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Free Speech Week is more important on campus than ever before

Protesters shout before a speaking engagement by Ben Shapiro on the campus of the University of California Berkeley in Berkeley, Calif., Thursday, Sept. 14, 2017. Several streets around the University of California, Berkeley, were closed off Thursday with concrete and plastic barriers ahead of an evening appearance by the conservative commentator — the latest polarizing event to raise concerns of violence on the famously liberal campus.(AP Photo/Josh Edelson)

By Alexander Staudt, Washington Examiner

Education, like other facets of our society, is constantly changing to adapt to advancements in technology, thought, and policy. However, not every change is necessarily positive. Issues of free speech have made national headlines — whether it’s an op-ed in The Daily Princetonian or a news piece in Campus Reform documenting violent responses to a peaceful protest. The ideology behind such actions is being carried into other aspects of collegiate life, slowly eradicating the very purpose of education: to engage in thoughtful discourse.

Collegiate education has always held an esteemed place in our society, a space that encourages critical thinking, thoughtful engagement with various ideas, and differing viewpoints. The ability to express one’s opinion is a right guaranteed by the First Amendment of the Constitution. But what we are seeing now is a battle among students and faculty on what free speech means and the degree to which free speech is accepted on college campuses.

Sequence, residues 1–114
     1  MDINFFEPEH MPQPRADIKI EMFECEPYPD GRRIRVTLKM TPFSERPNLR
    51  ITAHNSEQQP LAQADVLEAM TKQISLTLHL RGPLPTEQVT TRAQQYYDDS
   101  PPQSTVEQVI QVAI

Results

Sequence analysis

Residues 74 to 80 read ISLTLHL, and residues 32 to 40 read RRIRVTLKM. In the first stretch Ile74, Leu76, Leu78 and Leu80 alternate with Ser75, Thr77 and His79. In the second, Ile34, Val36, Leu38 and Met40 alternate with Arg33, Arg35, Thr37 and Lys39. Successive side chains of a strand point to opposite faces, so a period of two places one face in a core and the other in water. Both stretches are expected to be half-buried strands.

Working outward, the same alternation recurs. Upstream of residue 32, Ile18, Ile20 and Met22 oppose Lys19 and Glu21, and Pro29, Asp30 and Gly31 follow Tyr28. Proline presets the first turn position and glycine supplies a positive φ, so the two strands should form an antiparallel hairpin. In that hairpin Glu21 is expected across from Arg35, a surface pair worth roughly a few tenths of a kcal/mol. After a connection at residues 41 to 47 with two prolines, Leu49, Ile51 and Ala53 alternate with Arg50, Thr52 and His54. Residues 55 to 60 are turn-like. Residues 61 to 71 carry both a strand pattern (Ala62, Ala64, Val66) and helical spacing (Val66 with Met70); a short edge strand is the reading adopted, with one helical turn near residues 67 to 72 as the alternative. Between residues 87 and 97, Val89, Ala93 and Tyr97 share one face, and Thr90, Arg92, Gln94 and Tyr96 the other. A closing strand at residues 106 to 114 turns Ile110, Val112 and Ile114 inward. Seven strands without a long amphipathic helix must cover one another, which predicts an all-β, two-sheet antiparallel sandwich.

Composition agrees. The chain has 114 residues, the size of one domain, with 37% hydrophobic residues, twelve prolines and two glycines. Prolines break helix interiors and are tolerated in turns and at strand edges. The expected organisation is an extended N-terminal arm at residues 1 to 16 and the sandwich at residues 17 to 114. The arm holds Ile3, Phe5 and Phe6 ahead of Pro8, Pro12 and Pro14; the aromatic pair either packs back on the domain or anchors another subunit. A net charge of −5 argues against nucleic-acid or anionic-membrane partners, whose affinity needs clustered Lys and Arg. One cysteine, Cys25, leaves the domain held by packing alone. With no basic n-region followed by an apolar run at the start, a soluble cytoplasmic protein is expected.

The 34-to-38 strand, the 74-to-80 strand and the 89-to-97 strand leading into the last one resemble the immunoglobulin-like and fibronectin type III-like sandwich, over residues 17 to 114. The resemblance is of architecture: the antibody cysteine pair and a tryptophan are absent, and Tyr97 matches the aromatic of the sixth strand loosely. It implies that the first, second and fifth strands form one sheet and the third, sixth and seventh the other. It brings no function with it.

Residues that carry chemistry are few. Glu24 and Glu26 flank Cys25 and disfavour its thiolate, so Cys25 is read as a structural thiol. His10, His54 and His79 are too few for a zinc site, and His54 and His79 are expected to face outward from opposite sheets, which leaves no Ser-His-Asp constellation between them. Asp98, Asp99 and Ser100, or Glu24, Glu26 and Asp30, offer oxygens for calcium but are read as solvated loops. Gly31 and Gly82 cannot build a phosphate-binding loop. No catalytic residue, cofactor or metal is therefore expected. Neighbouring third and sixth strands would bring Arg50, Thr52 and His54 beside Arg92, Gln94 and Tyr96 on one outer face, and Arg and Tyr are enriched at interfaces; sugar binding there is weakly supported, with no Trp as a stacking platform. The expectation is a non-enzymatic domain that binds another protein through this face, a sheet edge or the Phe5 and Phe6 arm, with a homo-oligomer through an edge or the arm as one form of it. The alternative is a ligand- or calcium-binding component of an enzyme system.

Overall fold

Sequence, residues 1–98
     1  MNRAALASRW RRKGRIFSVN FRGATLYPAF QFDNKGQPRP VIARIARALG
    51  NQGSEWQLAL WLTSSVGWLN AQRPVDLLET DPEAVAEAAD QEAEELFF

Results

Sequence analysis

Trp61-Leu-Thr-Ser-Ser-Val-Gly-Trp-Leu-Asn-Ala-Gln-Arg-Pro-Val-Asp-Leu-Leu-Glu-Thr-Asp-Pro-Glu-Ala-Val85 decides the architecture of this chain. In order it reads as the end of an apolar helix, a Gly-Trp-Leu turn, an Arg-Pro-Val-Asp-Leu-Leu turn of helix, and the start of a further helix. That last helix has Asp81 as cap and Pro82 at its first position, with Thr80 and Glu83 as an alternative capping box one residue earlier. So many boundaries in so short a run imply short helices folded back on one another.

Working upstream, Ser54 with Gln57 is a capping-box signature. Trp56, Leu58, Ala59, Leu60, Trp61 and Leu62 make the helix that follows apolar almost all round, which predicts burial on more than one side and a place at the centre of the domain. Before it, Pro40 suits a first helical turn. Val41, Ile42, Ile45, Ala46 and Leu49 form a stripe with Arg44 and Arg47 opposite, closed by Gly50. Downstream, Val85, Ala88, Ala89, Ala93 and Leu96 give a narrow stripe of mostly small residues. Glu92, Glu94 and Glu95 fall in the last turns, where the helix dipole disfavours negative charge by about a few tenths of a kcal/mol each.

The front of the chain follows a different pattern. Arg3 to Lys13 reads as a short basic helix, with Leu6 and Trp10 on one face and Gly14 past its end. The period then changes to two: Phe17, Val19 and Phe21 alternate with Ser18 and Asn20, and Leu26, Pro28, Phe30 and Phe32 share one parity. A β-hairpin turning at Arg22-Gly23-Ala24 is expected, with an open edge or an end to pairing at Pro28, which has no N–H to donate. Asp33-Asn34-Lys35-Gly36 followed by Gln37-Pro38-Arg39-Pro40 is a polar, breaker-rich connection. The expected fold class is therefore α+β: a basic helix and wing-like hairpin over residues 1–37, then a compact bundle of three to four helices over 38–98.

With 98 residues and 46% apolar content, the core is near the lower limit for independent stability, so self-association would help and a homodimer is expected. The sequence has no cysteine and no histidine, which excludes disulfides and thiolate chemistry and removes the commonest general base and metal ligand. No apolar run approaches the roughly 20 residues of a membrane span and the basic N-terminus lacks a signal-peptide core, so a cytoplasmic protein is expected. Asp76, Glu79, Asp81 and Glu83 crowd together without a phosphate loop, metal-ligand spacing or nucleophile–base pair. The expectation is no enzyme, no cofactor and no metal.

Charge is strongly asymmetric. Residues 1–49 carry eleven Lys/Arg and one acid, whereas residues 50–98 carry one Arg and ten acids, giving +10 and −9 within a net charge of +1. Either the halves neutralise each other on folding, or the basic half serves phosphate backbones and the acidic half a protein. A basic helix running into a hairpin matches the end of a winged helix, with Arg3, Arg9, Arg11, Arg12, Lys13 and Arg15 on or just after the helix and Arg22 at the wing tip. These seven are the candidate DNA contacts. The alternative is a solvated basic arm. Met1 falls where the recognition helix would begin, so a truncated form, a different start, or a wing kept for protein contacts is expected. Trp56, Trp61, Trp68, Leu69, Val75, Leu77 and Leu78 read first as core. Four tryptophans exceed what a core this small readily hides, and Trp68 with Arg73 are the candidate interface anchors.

The debate over speakers coming to campus and then subsequently being disinvited is one major component of the debate over free speech rights. A few days ago, Mark Edmundson, a University of Virginia professor, argued that faculty, not students, should decide which speakers come to campus.He cited the need to bring “scholars, scientists, and artists, as well as bona fide statesmen and women” instead of entertainers.

Yes, universities should seek to bring intellectual scholars to their campuses, but that does not necessarily mean student groups should not be able to invite speakers they are otherwise interested in hearing from.

Read more on the Washington Examiner.

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